Azerbaijan, Baku, Sept.9 / Trend, V.Javoronkova /
The recent blasts in Tajikistan are unlikely to destabilize the country, experts believe.
Two blasts occurred in Tajikistan over the past two week inside a club in Dushanbe and in front of the Department for Combating Organized Crime in Khujand. Two people died and more than 35 were injured.
Concern continues to grow that the situation may destabilize, which could possibly have a brush-fire effect and lead to further tensions throughout the region. The Tajik Interior Ministry has accused the Islamic Movement of Uzbekistan of committing the first blast.
Meanwhile, experts believe that the explosions are unlikely to lead to any serious destabilization in the country.
According to Iranian expert on Central Asia Taher Shirmohammadi, who now lives in Germany, explosions have already been occurring for several years in Tajikistan, but the Tajik security forces have not been able to eradicate the terrorists behind these crimes.
"The basic structure of the terrorist network in the country remains inaccessible," Shirmohammadi wrote Trend ina n e-mail. He added that the most recent attacks were organized by local Uzbeks and Tajiks who are committed to a radical brand of Islam.
Although there is no documentary evidence supporting this claim, radical Islamic sentiment can be found among many Tajiks and Uzbeks in the region, he said.
According to the U.S. expert on Central Asia
Alexander Cooley, the attacks mark a significant escalation in the activities and aims of regional Islamic militant organizations.
The bombing of the club appears to have occurred as an attempt to target "Westernized" Tajik youth and the Dushanbe elite frequenting the club, Cooley wrote Trend. Cooley is an associate professor of Political Science at Barnard College and Columbia University and also an Open Society fellow.
According to Cooley, Tajikistan also faces the problem of having little protection along its borders.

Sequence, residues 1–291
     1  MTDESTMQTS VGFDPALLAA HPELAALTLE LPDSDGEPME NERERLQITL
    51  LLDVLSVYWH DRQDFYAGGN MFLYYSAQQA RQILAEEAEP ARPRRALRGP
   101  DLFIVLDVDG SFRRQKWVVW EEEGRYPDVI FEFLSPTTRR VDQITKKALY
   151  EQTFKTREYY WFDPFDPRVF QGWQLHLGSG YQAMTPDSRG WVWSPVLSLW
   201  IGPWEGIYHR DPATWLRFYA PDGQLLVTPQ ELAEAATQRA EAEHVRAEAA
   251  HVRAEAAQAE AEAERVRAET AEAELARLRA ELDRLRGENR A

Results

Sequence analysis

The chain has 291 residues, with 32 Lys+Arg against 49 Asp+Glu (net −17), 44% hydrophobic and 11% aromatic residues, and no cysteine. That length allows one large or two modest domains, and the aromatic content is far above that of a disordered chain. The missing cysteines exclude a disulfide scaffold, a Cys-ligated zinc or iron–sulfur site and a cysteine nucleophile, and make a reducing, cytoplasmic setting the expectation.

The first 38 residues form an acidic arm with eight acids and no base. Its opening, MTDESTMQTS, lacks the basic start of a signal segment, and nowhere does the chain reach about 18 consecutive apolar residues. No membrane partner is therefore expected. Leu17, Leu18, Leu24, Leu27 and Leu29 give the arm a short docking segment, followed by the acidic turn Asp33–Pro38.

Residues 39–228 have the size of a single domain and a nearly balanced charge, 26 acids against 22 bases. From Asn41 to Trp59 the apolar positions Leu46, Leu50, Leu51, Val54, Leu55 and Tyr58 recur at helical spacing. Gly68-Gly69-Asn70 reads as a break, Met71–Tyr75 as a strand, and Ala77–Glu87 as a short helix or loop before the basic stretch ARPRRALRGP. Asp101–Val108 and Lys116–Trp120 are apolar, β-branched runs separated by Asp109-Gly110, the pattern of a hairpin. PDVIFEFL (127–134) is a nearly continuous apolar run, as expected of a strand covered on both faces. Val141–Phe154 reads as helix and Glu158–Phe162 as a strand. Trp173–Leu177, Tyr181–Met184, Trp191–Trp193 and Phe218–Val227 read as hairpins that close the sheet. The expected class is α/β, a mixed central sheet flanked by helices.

"Unfortunately, it appears as if the violence in Tajikistan is only like to increase, as the Tajik-Afghan border remains porous and difficult to defend," he said.
At the same time, Russian expert on Central Asia Andrei Grozin said that, "whoever blew himself up in Khujand did it for ideological reasons," Deutsche Welle reported.
According to the expert, three different groups could have been behind the attack.
"This is either Rakhmon's ideological enemies and his numerous relatives, or those who took vengeance on individual police officers in Khujand, who behave, according to local experts, quite inadequate toward local residents," he said. "Finally, it could have also been people fighting for radical Islam."
However, the situation in the country will not be severely aggravated due to the blasts, Shirmohammadi said. But the country's security forces must continue to combat such acts of terrorism to prevent further explosions from occurring, he added.
Shirmohammadi also said that the Tajik people have lived through a five-year domestic war, and they are unlikely to support renewed conflict.
"The memory of the civil war in the 1990s, when hundreds of thousands of people died or were displaced, still reminds most Tajik people of the tragic consequences of internal conflict," Cooley said.